Cephalopods consist of some of the largest living invertebrates like giant squids with long bodies and tentacles. This is an impressive size because most cephalopods only exceed the length of one meter. There are about 800 known living cephalopod species, and some of the most common ones are cuttlefish, squid, and octopus. You can find them in all oceans, living in the depth from the abyssal plain to the sea surface. None of them can live in fresh water except for brief squid with the ability to tolerate brackish water. Just like other shellfish, cephalopods are also very important food sources for humans. Octopuses are one of the fascinating cephalopods because they are intelligent and capable of learning. Plus with their reputation in the mythology of many cultures, these creatures are very interesting.

Gastropods

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This is one of the mollusks that adapt to living on the land, with thousands of fully terrestrial species. As a result, many of them crawl and become cemented to the surface while others are free-swimming. Gastropods are commonly known as slugs and snails, and there are thousands species of them. The family consists of these crawling creatures from freshwater, saltwater, and land with a wide range of habitats. From deserts and mountains to gardens, woodlands, and more, gastropods are pretty much everywhere. You can even find them near the Arctic and Antarctic zones due to their worldwide distribution. There are about 5,000 species of brackish and freshwater gastropods and around 30,000 species of marine gastropods. Even more interesting, gastropods can be accidentally transferred from one habitat to another by other animals, especially birds.

Gastropods also go by the name of “Univalve”, meaning one valve or shell which is in contrast to bivalves. The shell of gastropods is typically coiled, and the uppermost part of the shell is formed from the larval shell. Underneath those shells are the foot, mantle, mantle cavity, or visceral mass that supports their movement, swimming, or walking. Land-dwelling snails do not have gills but the area in their mantle cavities is rich in blood vessels. These shellfish come in all shapes and sizes, and most of them live in the marine. The largest species in the gastropod family is the sea hare, growing from 40 to 100 centimeters. Because gastropods are one of the most diverse animal groups, they comprise about 80% of living mollusks.

Monoplacophora

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Meaning “bearing one plate”, monoplacophora is a mollusk class with a cap-like shell that lives at the bottom of the deep sea. Monoplacophorans are also univalved although not gastropods, and they are limpet-shaped and untorted. Along with that, they have a pseudometamerism of bilaterally symmetrical repeated organs and muscles. These mollusks are found on both soft bottoms and hard substrates on the continental shelf and seamounts in the very deep seas. These shellfish live in the abyssal zone, at depths between 174 meters and 6500 meters. The first discovery of living monoplacophorans was in 1957, and about 20 species have been discovered worldwide since.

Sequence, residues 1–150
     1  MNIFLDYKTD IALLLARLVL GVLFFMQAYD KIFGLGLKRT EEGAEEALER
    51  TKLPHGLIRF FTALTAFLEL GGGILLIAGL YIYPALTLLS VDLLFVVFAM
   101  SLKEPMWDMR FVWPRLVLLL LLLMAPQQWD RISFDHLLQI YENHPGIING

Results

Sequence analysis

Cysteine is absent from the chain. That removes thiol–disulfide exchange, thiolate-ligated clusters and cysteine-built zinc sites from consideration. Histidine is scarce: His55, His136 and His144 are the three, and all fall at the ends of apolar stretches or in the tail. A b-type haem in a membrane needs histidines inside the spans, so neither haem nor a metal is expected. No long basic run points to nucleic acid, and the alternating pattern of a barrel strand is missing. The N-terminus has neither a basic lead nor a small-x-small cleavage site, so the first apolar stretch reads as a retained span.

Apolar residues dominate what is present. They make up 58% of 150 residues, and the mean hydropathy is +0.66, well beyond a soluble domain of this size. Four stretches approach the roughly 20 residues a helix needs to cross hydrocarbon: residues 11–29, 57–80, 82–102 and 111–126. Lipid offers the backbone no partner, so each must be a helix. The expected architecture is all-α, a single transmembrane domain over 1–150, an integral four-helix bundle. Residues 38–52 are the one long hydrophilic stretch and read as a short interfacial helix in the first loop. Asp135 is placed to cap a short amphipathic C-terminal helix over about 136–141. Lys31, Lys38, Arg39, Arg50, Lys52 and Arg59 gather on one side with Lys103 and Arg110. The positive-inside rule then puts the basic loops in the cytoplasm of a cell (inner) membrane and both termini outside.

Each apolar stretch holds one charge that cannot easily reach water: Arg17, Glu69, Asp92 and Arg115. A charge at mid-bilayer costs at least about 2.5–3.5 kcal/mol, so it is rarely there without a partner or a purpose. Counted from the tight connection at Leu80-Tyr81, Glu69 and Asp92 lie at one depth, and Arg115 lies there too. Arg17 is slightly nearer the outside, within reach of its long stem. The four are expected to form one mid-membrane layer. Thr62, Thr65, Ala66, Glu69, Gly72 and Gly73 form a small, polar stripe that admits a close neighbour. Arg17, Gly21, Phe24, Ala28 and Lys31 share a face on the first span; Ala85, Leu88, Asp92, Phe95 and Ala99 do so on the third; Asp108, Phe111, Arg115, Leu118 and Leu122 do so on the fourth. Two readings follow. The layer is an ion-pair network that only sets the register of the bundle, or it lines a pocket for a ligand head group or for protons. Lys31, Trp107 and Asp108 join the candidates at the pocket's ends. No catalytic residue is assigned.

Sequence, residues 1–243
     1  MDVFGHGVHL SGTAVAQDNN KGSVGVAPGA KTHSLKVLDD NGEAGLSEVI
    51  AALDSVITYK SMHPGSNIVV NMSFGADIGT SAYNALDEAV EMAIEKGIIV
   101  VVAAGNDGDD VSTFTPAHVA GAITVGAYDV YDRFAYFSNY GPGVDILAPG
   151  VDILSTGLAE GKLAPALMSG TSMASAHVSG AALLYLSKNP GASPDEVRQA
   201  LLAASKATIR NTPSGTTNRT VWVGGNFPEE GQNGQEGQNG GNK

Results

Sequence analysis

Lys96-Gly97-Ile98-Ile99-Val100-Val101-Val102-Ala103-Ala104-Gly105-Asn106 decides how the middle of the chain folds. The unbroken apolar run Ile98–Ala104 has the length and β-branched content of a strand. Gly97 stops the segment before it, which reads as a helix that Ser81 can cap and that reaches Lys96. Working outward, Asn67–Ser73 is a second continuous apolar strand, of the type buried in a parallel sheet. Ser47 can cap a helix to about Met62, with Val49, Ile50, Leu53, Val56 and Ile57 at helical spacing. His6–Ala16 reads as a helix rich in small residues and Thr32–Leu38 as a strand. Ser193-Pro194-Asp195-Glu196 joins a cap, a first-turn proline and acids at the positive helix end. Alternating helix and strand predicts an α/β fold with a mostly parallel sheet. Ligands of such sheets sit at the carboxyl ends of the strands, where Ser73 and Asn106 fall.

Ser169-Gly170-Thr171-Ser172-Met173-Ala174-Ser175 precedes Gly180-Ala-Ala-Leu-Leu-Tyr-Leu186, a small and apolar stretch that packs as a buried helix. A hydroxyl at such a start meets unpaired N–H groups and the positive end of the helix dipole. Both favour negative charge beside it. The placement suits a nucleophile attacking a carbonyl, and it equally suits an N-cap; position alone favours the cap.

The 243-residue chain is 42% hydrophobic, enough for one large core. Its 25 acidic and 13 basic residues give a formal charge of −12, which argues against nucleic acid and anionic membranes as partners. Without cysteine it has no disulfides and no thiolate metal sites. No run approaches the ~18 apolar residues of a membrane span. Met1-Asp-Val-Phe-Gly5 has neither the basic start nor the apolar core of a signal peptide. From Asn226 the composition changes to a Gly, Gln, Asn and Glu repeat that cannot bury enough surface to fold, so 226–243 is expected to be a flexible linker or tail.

Scaphopod

Shellfish Types
image: Hewan0130

Scaphopod or tusk shell is a member of marine mollusk with worldwide distribution in the class of exclusively infaunal marine mollusks. The unique thing about them is that their shells are conical and slightly curved to the dorsal side. The shape simply makes the shells look like tiny tusks, hence their common nickname. More than that, the most distinctive feature of these shellfish is that the tubular shell is open at both ends. This is very different from most mollusks, making them quite interesting. In contrast to monoplacophora, scaphopod lives in soft substrates offshore.

Tusk shells live their adult lives buried in mud or sand, with their head end pointed downwards. This leaves only the narrow posterior end of the shell sticking up into the seawater for water exchange and waste expulsion. Scaphopod has a foot that digs into the ocean floor. It does so by pushing the into the ground, anchoring it by pressing blood into it, and pushing the rest of the shell. These shellfish are the least type that people are familiar with because of their subtidal habitat and small size. In fact, their shells are not easily visible in beach drift like shells of clams or sea snails at all. The best part is that shells of scaphopods were culturally significant to Pacific Northwest natives until the late 1800s. Native people collected their shells on strings, using them as money and necklaces.